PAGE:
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Urban Nursery | Oceanographic 14

In partnership with Oceanographic Magazine, this year we will be bringing you some of the best stories from the magazine, to bring different perspectives to our community of sea lovers.
In issue 14, beneath the shadows of South Florida’s high-rise coastal condos lies something unexpected: a manta ray nursery. With no formal population studies having been undertaken, one young biologist has taken it upon herself to discover more.

 

Manta Ray swimming metres from a fishing pier

The thin wrack line of South Florida’s beaches divides two distinct worlds. Ashore, the sprawling development of the metro area's seven million inhabitants spills across the state like torrential rain across its level streets. Towering condominiums encroach on coastal dunes, casting shadows by day and disruptive artificial light by night. Seaward, shallow coastal waters are peaceful and calm with sandy bottoms interspersed by limestone and coral reef, the warm Gulf Stream bringing diverse visitors such as whales, sharks and endangered leatherback turtles. Those turtles, along with the manatee, are emblematic of the Sunshine State.

Ask most Floridians to name the species most regularly sighted in or associated with the panhandle’s waterways, it will very likely be one of those two. It almost certainly won't be the manta ray – not in modern, developed Florida at least. Dr Eugenie Clark in her book, The Lady and the Sharks, notes that mantas were semi-abundant in Florida prior to the 1950s, but that their populations appeared to be declining. There also exists a series of photographs of President Theodore Roosevelt posing alongside mantas he had harpooned as trophies in the early 20th century. Today, sightings are irregular – as a lifelong Florida resident and waterman, I had only ever seen one manta ray in my life. Until I met Jessica Pate.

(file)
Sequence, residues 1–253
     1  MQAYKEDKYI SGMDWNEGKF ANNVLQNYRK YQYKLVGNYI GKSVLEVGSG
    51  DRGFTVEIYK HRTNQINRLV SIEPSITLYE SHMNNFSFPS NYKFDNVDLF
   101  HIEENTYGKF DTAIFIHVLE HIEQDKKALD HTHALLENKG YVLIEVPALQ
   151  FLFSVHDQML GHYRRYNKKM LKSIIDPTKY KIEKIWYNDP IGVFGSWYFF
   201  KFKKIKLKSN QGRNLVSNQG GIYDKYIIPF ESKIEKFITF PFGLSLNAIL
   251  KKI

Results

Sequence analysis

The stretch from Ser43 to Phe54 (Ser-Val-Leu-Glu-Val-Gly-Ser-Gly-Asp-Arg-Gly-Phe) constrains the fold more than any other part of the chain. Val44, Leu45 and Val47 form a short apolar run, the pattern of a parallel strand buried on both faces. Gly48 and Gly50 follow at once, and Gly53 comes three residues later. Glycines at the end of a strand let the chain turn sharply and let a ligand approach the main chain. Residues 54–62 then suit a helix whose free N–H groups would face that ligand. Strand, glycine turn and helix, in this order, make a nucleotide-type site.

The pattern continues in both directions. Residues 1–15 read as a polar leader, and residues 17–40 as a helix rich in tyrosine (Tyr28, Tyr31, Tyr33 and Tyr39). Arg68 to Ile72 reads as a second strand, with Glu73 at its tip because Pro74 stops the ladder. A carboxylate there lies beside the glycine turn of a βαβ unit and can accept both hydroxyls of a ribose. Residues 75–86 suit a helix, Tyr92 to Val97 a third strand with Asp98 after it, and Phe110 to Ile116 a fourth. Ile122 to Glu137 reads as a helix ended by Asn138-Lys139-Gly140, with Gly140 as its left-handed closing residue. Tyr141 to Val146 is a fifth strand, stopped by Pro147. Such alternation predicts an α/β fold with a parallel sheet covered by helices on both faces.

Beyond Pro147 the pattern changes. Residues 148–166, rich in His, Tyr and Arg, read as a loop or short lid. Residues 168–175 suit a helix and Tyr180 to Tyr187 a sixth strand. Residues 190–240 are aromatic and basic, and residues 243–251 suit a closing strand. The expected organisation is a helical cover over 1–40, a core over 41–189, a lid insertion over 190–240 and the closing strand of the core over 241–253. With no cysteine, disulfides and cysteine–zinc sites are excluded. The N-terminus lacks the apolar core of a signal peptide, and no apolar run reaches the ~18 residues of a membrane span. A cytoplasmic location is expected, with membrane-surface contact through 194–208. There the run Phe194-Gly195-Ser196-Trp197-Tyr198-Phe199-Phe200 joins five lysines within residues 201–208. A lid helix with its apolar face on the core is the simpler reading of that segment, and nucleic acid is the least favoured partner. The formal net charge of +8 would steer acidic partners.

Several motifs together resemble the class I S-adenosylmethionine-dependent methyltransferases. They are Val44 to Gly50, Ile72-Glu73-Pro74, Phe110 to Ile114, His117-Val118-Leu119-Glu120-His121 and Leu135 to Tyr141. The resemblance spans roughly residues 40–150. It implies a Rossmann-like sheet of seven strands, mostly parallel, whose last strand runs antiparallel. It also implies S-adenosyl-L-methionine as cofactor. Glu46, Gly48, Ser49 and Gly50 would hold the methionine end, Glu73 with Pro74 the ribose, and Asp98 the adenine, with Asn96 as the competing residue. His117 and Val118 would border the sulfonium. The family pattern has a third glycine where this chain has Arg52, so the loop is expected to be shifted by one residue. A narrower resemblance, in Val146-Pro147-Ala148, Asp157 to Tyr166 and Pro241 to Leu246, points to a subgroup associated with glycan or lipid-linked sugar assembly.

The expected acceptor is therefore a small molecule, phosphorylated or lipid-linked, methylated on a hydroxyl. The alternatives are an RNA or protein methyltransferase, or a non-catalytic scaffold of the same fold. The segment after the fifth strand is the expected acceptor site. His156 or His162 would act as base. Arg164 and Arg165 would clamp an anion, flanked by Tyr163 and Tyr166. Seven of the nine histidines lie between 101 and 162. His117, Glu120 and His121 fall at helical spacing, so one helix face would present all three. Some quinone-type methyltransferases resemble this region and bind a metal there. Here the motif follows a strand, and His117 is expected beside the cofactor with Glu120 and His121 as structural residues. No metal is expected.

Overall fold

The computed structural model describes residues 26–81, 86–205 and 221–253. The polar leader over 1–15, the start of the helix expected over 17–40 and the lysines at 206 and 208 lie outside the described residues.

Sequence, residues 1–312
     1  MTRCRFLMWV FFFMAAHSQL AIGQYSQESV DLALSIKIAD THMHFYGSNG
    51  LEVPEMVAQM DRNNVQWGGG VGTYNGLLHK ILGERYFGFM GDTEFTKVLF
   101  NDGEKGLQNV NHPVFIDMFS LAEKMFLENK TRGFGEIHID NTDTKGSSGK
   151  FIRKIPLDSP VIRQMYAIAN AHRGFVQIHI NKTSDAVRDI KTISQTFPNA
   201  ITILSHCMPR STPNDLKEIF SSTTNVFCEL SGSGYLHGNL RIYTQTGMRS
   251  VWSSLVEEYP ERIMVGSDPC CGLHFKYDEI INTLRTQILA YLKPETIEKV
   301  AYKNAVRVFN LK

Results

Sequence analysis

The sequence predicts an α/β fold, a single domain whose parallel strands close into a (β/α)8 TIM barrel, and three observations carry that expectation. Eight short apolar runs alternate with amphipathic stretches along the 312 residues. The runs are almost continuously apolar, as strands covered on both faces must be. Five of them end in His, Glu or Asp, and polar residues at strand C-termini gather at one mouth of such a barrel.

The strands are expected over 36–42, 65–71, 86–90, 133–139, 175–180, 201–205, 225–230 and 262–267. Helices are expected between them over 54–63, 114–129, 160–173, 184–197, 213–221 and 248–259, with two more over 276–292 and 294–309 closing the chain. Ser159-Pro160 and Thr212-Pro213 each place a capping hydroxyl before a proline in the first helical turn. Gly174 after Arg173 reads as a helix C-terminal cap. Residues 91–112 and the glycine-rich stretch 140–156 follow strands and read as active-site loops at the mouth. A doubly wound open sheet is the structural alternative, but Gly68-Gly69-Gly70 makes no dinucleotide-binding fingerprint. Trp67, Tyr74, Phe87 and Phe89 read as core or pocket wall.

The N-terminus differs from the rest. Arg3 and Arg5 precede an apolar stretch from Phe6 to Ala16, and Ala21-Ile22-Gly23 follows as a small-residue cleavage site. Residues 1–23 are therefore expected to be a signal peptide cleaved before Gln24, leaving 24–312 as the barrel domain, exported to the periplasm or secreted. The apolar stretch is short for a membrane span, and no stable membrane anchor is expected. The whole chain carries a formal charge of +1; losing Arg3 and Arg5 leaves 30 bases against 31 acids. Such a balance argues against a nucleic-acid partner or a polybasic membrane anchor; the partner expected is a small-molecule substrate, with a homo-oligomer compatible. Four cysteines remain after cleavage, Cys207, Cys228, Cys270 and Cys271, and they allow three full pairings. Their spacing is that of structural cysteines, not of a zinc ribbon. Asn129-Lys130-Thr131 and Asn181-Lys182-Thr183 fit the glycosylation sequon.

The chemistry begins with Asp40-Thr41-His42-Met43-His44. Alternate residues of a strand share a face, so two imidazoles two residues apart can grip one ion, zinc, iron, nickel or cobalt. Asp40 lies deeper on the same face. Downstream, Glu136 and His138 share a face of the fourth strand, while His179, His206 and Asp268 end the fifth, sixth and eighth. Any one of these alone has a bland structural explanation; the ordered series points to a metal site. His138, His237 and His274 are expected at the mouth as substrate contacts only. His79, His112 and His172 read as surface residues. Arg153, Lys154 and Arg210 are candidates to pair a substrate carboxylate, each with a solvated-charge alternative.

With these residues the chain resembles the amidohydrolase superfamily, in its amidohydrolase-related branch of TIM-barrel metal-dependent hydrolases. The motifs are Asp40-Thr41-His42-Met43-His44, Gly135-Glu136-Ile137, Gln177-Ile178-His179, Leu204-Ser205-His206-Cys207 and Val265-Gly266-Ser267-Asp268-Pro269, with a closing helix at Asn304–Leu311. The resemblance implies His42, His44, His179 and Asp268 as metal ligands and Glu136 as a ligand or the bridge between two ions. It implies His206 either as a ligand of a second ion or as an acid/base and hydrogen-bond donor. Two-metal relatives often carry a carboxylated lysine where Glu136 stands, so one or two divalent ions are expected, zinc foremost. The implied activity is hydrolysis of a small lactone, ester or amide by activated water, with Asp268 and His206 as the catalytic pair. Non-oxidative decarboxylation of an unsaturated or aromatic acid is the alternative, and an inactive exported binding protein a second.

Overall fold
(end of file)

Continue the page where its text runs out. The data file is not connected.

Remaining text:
A swimmer follows a manta ray with luxury condos in the background

Pate, a marine biologist, was working for a sea turtle nesting programme in South Florida when she started noticing dark shadows in the shallow waters close to the shores on which she was working. Until then – even as an active diver with an understanding of the local reefs – she was unaware mantas visited South Florida’s coastal waters. Curious, she asked questions within the local marine science community and was surprised to discover that while mantas did frequent the area, no formal studies had been undertaken on the species.

"I convinced a friend with a boat to take me out to look for mantas,” says Pate. “We found one pretty quickly. She was close enough that I could have reached out to stroke her.” While in the water together, the manta ray regularly turned over (mantas have better vision below their bodies and this behaviour was likely an attempt to better see Pate) and swam in slow circles. There seemed to be a mutual curiosity. It was a moment of reciprocity that captivated Pate. She needed to learn more.